1614457089 gorgeous image of venus snapped by the parker solar probe

Gorgeous image of Venus snapped by the Parker Solar Probe

While flying from venus in july 2020, parker solar probe's wispr instrument, short for a wide-field imager for the parker solar probe, detected a bright rim around the edge of the planet that could be nightglow - light emitted with atoms of oxygen in the atmosphere. Recombination in molecules overnight. The prominent dark feature in the center of the image is aphrodite terra, the largest highland area on the venusian surface. Bright lines in wispr, such as those seen here, are usually caused by a combination of charged particles - called cosmic rays - of sunlight reflected by space dust grains, and the spacecraft after the impact of those dust grains. Particles of substances extracted from the structures of. The number of lines varies with orbit or when the spacecraft is traveling at different speeds, and scientists are still discussing the specific origin of the streaks here. The dark spot visible at the bottom of venus is an artwork made from the wispr instrument.
While flying from Venus in July 2020, Parker Solar Probe’s WISPR instrument, short for a wide-field imager for the Parker Solar Probe, detected a bright rim around the edge of the planet that could be nightglow – Light emitted with atoms of oxygen in the atmosphere. Recombination in molecules overnight. NASA / Johns Hopkins APL / Naval Research Laboratory / Guillermo Steinberg & Brendan Gallagher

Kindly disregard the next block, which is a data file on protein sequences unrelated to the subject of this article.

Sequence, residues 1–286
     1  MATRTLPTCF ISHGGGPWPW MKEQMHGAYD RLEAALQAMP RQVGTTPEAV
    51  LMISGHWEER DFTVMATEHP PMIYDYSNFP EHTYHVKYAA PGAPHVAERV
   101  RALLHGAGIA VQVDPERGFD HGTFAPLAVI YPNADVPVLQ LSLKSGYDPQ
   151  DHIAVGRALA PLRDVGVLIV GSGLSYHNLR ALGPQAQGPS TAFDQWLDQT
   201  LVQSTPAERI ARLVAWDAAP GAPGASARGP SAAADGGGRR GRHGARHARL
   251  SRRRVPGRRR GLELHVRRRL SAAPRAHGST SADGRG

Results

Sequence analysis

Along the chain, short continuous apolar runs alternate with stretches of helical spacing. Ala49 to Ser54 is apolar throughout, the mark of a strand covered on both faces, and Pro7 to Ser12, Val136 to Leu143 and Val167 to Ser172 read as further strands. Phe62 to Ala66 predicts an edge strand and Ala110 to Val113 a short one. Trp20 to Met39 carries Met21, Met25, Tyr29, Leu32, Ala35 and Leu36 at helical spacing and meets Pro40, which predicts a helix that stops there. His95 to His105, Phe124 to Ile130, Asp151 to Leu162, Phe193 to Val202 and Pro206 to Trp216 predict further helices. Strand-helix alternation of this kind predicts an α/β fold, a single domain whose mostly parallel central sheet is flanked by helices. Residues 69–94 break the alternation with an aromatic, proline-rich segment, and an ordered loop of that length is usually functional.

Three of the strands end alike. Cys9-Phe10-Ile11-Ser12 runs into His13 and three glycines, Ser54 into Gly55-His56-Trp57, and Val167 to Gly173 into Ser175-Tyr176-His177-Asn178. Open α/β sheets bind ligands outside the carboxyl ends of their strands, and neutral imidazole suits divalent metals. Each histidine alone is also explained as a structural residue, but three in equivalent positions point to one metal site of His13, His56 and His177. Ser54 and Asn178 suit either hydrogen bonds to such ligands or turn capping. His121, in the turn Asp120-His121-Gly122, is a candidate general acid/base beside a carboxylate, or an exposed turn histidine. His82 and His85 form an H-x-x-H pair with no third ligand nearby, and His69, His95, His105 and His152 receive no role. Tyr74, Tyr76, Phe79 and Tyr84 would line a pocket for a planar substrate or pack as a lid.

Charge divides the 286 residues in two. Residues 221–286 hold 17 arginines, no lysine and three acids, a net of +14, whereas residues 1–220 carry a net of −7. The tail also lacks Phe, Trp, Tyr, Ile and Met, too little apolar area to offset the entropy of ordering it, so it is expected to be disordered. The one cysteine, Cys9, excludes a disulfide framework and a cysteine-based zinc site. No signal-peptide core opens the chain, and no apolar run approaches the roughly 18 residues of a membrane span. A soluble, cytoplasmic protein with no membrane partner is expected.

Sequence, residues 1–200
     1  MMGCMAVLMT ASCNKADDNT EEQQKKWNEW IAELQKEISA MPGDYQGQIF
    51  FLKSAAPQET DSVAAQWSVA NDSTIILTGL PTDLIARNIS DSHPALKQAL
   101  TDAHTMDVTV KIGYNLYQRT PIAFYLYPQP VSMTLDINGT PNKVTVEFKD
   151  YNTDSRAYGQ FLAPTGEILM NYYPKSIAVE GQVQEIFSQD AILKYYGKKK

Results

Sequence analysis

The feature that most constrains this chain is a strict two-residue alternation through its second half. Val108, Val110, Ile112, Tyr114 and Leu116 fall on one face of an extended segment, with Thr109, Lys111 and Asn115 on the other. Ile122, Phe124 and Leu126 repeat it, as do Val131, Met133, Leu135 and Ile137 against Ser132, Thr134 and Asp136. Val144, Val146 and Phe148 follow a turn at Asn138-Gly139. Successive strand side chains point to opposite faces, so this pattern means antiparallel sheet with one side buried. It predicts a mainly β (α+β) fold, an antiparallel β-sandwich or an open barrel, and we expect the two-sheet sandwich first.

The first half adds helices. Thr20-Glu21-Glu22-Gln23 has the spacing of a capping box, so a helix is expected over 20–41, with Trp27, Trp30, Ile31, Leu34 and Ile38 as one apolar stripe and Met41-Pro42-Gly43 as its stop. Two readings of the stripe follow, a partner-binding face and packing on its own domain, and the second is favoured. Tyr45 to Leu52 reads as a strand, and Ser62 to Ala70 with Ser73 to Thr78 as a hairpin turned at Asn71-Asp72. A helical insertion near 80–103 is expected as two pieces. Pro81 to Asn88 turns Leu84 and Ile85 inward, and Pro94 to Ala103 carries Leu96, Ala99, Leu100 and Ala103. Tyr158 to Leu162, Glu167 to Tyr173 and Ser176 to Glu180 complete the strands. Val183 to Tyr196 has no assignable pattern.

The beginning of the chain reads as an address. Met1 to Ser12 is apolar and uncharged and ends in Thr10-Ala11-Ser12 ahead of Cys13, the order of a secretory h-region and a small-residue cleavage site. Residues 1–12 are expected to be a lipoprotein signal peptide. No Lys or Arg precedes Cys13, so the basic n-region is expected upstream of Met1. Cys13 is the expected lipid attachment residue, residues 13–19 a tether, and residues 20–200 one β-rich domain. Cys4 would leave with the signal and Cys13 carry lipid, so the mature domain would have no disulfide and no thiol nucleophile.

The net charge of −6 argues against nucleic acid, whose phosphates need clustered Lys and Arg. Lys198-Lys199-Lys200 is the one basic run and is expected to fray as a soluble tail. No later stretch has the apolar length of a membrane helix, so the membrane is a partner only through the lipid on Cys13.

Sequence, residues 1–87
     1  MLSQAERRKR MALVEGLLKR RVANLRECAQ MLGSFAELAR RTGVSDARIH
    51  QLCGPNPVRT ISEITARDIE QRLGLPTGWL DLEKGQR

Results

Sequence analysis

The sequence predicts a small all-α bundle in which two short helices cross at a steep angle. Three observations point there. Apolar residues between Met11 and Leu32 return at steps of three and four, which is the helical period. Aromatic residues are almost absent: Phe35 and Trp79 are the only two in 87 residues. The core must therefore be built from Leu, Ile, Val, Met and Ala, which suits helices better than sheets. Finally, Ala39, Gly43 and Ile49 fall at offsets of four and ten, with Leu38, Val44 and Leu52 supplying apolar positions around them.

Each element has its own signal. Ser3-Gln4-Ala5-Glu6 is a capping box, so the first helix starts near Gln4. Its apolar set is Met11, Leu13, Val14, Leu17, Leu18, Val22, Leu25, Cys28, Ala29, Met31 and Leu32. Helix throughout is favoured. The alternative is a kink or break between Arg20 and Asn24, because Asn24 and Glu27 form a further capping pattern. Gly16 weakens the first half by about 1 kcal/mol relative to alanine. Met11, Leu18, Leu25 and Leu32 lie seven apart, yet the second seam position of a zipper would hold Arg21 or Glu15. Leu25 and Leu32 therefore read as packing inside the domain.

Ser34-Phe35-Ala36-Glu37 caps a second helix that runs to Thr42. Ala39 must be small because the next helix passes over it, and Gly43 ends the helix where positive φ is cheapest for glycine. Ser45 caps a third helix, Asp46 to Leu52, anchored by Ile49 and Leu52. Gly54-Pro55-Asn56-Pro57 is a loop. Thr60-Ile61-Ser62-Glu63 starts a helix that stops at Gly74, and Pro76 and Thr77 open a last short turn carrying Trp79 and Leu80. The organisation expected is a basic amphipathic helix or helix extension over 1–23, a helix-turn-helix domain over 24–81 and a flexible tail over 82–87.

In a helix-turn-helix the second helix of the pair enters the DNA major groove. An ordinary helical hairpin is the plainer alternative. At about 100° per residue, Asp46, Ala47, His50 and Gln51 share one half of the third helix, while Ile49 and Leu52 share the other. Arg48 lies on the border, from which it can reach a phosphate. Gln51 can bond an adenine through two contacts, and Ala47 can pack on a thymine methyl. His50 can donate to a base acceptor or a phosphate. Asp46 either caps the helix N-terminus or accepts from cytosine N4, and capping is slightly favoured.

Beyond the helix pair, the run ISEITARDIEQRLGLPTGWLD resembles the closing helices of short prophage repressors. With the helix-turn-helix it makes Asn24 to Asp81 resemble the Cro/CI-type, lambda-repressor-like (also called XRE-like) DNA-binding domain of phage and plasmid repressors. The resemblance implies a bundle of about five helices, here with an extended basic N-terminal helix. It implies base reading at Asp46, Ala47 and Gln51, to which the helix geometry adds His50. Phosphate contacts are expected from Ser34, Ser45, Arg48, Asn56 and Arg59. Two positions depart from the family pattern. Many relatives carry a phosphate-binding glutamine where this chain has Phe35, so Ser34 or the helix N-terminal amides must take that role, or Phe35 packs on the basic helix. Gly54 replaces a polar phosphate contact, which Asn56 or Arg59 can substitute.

NASA has shared this grand image of Venus, which was captured on a flyby of the planet in July last year by Parker Solar Probe. The main mission of the probe is to observe the sun closely and learn about its corona, but it also regularly passes Venus as it uses the planet’s gravity to adjust its orbit. The researchers conducting the mission do not let these flybys go waste, and use investigative tools to learn about Venus.

This image was captured by a wide-field imager for the Parker Solar Probe Instrument, or WISPR, when the probe was 8,000 miles from Venus. It also revealed something unexpected. Venus is covered in dense clouds and WISPR is designed to take pictures inside the corona of the Sun, so researchers were not expecting that Venusians would be able to enter the atmosphere. But in fact, it was able to peek through the clouds and see the planet’s surface.

WISPR has been tailored and tested for visible light observations. We hope we can see the clouds, but the camera is right through the surface, ”said WISPR project scientist Angelus Vorlidas of the Johns Hopkins Applied Physics Laboratory (APL) in a statement. The image shows a ring of glow around the planet, which is considered nightglow – a faint light emission coming from oxygen in the atmosphere.

The image of Venus resembles those captured by the Japanese Akatsuki Mission, images in near-infrared wavelengths. This suggests that WISPR may be able to use this unexpected capability to study dust around the sun. In addition, data can now be shared between Parker Solar Probe and Akatsuki missions to learn more about Venus.

“We’re really looking forward to these new images,” said Xavier Peralta, a planetary scientist on the Akatsuki team. “If WISPR can feel thermal emission from the surface of Venus and nightglow – most likely from oxygen – on the planet’s limb, it can make valuable contributions to the study of the Venusian surface.”

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